Contributing Partner: UNT Libraries Government Documents Department
Access to Government Information in the United States

Access to Government Information in the United States

Date: January 23, 2003
Creator: Relyea, Harold C.
Description: The Constitution of the United States makes no specific allowance for any one of the co-equal branches to have access to information held by the others and contains no provision expressly establishing a procedure for, or a right of, public access to government information. Nonetheless, Congress has legislated various public access laws. These include two records access statutes—the Freedom of Information Act (5 U.S.C. 552) and the Privacy Act (5 U.S.C. 552a)—and two meetings access statutes—the Federal Advisory Committee Act (5 U.S.C. App.) and the Government in the Sunshine Act (5 U.S.C. 552b). Moreover, due to the American separation of powers model of government, interbranch conflicts over the accessibility of information are neither unexpected nor necessarily destructive. The federal courts, historically, have been reluctant to review and resolve “political questions” involving information disputes between Congress and the executive branch. Although there is considerable interbranch cooperation, such conflicts probably will continue to occur on occasion.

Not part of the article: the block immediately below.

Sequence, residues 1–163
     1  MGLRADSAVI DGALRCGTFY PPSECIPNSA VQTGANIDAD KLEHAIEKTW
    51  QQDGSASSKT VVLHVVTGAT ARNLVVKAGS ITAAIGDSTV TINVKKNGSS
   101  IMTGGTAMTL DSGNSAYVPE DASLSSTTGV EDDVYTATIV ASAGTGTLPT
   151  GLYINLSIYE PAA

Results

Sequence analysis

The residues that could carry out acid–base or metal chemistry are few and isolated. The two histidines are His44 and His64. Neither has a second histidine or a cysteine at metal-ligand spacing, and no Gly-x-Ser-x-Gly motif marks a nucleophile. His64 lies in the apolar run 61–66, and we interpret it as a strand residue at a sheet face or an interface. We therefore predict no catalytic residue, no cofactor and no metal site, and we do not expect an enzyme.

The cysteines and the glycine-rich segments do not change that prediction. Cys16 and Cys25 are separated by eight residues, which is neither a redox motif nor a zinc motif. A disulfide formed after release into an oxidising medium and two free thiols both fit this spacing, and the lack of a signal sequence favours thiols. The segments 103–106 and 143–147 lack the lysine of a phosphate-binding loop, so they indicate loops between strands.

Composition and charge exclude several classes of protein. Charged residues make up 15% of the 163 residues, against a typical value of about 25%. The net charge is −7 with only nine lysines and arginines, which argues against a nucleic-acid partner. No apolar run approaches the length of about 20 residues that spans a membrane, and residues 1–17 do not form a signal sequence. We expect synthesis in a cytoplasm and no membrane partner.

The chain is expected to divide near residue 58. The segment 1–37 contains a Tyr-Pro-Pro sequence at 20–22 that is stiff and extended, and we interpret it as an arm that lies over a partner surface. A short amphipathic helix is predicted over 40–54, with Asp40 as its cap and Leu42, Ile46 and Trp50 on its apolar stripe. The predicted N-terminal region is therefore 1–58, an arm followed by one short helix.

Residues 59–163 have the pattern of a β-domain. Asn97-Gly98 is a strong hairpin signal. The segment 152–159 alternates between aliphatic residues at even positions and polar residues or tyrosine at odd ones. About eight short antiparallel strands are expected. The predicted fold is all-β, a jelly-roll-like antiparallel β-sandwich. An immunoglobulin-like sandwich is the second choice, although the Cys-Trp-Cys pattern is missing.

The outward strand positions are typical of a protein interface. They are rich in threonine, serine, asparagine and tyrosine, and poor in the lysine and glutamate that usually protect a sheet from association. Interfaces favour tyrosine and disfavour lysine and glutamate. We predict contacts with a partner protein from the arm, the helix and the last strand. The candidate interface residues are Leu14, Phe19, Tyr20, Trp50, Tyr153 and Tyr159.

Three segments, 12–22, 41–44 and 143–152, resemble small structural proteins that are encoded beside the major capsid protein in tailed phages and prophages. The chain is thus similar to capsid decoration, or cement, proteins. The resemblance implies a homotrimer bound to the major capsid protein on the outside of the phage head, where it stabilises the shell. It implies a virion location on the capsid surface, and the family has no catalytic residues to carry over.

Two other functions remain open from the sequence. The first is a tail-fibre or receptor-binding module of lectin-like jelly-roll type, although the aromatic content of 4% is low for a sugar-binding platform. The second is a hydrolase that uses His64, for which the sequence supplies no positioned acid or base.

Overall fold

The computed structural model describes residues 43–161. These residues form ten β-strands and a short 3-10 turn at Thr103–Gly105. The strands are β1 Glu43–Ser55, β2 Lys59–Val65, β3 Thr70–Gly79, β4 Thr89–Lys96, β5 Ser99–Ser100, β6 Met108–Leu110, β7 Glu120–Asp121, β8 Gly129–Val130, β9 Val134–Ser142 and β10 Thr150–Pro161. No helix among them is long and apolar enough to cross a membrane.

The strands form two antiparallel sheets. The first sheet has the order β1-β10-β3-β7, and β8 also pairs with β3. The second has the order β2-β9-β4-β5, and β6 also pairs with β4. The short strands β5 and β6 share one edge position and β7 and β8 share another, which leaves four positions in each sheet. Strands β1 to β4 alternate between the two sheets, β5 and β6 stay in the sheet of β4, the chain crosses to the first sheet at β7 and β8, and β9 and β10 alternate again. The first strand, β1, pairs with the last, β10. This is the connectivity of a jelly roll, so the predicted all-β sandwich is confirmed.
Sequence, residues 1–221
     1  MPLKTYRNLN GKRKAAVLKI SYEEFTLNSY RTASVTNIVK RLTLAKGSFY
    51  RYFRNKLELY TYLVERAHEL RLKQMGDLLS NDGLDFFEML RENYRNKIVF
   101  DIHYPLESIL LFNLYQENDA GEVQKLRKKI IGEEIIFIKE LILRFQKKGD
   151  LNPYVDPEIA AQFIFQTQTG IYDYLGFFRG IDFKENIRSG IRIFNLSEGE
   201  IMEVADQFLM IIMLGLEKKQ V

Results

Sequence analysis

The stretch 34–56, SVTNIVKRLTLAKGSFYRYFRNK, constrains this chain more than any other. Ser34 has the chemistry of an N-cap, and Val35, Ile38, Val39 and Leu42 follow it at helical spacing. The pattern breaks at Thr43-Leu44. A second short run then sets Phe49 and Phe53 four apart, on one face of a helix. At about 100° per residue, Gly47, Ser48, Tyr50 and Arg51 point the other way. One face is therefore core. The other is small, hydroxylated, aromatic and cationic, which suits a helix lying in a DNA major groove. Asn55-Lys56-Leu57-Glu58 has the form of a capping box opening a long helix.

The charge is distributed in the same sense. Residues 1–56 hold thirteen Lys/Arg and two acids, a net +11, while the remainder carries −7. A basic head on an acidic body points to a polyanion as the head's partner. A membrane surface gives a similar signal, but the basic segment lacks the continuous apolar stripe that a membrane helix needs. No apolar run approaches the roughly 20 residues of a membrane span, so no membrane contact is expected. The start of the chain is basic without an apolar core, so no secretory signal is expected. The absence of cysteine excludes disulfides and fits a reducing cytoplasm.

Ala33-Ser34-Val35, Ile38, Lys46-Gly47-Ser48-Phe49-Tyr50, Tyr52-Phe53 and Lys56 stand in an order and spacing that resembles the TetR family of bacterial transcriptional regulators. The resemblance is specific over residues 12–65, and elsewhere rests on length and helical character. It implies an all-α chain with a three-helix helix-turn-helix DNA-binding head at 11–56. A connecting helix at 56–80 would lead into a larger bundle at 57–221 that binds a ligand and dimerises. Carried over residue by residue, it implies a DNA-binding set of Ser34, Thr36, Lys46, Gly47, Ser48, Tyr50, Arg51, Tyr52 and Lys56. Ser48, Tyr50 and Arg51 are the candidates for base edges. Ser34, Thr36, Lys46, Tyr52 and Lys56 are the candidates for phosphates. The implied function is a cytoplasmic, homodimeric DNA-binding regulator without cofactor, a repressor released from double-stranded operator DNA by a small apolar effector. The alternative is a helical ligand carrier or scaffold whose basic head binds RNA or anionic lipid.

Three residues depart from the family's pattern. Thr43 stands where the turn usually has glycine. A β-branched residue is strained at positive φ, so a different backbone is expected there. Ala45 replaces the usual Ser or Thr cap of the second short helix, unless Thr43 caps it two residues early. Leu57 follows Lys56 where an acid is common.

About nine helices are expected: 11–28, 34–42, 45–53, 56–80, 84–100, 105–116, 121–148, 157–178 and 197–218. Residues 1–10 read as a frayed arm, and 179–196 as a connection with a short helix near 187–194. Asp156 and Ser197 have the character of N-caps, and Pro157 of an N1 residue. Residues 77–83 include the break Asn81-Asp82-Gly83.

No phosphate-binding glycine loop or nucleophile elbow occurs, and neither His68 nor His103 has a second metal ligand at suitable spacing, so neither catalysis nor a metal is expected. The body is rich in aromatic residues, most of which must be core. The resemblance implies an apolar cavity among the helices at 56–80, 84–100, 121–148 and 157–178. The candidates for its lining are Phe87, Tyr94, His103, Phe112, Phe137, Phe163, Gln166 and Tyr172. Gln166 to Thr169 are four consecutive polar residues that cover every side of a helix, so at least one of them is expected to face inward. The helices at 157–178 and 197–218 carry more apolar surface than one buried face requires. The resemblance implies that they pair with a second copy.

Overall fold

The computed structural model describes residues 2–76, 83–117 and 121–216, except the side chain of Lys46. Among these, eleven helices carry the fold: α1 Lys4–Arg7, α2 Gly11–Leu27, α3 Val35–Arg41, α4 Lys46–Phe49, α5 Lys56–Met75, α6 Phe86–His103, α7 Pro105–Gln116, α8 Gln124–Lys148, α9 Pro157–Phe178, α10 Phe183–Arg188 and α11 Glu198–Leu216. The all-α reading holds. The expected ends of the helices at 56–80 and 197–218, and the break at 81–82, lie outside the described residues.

Contributing Partner: UNT Libraries Government Documents Department
Access to Government Information in the United States

Access to Government Information in the United States

Date: January 7, 2005
Creator: Relyea, Harold C.
Description: The Constitution of the United States makes no specific allowance for any one of the co-equal branches to have access to information held by the others and contains no provision expressly establishing a procedure for, or a right of, public access to government information. Nonetheless, Congress has legislated various public access laws. These include two records access statutes — the Freedom of Information Act (5 U.S.C. 552) and the Privacy Act (5 U.S.C. 552a) — and two meetings access statutes — the Federal Advisory Committee Act (5 U.S.C. App.) and the Government in the Sunshine Act (5 U.S.C. 552b). Moreover, due to the American separation of powers model of government, interbranch conflicts over the accessibility of information are neither unexpected nor necessarily destructive. The federal courts, historically, have been reluctant to review and resolve “political questions” involving information disputes between Congress and the executive branch. Although there is considerable interbranch cooperation, such conflicts probably will continue to occur on occasion.